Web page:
The Advertising Standards Authority (ASA) has upheld part of a complaint by the World Wildlife Fund (WWF) that adverts for clean coal being run by Peabody Energy were misleading and should not be used, EurActiv is reporting.
The Peabody-backed Advanced Energy for Life campaign ran an advert in the Financial Times under the banner ‘Let’s brighten the faces of energy poverty’, and advocated the use of ‘clean coal’ as a way to help the worlds’ poorest people access cheaper energy. The campaign’s website states its aim as being “to end energy poverty and increase access to reliable, low-cost electricity around the world.”
However, the environmental group took exception to the promotion of clean coal as an energy solution for the 3.5bn people living in energy poverty worldwide, saying “Coal is dirty. Coal kills. Coal deeply impacts our climate and health.”
The watchdog ruled that “without further information, and particularly when followed by another reference to ‘clean, modern energy’, consumers were likely to interpret the word ‘clean’ as an absolute claim meaning that “clean coal” processes did not produce CO2 or other emissions. We therefore concluded that the ad was misleading.”
They did not uphold the WWF’s complaint challenging the advert’s claim that “energy poverty is the world’s number one human and environmental crisis” and that Peabody was working to solve that crisis, ruling that the claim was a matter of opinion and intent.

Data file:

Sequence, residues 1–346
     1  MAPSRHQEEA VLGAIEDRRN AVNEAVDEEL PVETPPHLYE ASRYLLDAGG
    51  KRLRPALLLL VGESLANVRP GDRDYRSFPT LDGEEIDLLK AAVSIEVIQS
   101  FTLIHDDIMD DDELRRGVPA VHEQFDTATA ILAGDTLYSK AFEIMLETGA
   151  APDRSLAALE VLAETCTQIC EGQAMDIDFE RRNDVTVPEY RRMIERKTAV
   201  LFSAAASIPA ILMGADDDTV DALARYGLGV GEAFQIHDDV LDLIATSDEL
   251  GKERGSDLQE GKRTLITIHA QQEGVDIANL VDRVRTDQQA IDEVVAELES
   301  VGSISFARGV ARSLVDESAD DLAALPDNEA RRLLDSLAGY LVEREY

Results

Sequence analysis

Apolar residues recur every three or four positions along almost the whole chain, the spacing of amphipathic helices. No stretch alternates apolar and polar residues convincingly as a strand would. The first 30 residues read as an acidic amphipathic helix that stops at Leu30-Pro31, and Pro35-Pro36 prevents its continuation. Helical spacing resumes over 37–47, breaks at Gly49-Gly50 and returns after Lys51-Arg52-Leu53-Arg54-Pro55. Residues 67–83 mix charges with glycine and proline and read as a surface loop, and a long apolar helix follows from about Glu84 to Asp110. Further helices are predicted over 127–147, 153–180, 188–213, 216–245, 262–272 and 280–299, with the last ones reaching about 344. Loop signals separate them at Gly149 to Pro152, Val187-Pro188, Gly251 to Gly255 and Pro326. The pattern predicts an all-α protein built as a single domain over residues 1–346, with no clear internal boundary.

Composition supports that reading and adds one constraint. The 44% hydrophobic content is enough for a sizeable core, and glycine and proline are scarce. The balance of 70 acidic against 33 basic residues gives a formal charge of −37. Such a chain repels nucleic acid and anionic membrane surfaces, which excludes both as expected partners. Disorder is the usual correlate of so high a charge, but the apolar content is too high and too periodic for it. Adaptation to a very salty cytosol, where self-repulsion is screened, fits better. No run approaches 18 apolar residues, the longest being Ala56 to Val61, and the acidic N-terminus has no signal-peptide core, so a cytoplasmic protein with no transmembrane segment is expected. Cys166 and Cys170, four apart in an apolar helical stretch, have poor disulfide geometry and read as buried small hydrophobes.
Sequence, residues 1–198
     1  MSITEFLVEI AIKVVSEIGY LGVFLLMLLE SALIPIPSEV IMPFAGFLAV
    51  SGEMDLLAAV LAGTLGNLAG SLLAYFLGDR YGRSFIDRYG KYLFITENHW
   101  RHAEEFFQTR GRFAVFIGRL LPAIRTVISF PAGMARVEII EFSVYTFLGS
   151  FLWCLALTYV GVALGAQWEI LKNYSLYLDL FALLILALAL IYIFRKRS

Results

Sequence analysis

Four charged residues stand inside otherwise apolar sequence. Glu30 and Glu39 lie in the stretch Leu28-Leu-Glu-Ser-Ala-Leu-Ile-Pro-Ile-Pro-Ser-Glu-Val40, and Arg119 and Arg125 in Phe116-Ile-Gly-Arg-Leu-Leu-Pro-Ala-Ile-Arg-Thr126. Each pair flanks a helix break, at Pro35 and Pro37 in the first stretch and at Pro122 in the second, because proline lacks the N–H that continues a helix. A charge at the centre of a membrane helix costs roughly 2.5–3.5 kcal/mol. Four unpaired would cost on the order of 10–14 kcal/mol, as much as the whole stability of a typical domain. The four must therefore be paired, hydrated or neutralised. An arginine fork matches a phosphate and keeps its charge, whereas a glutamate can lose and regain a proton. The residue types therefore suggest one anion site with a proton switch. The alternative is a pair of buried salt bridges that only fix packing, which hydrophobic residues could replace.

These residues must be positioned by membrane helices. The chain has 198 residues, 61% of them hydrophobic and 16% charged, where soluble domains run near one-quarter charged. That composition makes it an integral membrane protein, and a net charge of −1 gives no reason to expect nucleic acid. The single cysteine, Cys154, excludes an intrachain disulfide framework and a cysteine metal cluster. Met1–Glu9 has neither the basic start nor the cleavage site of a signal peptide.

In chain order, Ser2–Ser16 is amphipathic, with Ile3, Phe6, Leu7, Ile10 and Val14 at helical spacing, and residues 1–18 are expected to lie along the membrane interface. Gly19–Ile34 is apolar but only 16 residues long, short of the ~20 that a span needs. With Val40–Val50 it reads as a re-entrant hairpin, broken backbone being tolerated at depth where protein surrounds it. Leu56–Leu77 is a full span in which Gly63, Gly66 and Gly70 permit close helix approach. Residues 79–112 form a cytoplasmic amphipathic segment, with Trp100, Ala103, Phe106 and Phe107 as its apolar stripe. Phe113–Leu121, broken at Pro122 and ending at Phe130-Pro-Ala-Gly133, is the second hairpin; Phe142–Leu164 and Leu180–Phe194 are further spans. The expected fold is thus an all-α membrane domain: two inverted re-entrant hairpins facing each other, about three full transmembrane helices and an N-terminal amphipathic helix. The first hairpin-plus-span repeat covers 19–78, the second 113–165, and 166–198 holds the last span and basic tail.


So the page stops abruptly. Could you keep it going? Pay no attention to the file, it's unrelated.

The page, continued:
Tony Long, WWF’s European Policy Office Director declared himself “delighted” with the ruling, saying “Companies trading and selling polluting energies have a responsibility to be open and honest about their activities and products. The last thing they should be doing is trying to claim spurious environmental benefits from coal consumption. This merely damages the already tarnished reputation of a struggling sector.”
The World Wildlife Fund instead promotes wind power as an alternative. In a page on its website entitled Green Power: Wind as a non-polluting source of energy, the WWF claims that “‘Green electricity’ is power produced from sources that do not harm the environment.” No mention is made on the page of the vast lakes of toxic waste in China created during the rare earth mining process. Rare earth minerals are an essential component in the construction of wind turbines.
The WWF page goes on to claim that one of the benefits of wind energy is that there is “there is no risk of radioactive exposure from wind power.” However, the poisonous mixture includes thorium and other radioactive elements which can cause cancers. This chemical cocktail has leached into the soil for miles around, causing the land to become barren, livestock to die off, and a vast array of serious illnesses in the local human population.
The environmentalist lobby has come under fire before for seeking to prevent development which could improve the lives of people in developing nations. Speaking in a 2007 documentary on climate change for British television, Patrick Moore, co-founder of Greenpeace said “The environmental movement has developed into the strongest force there is for preventing development in the developing countries. I think it’s legitimate for me to call them anti-human.”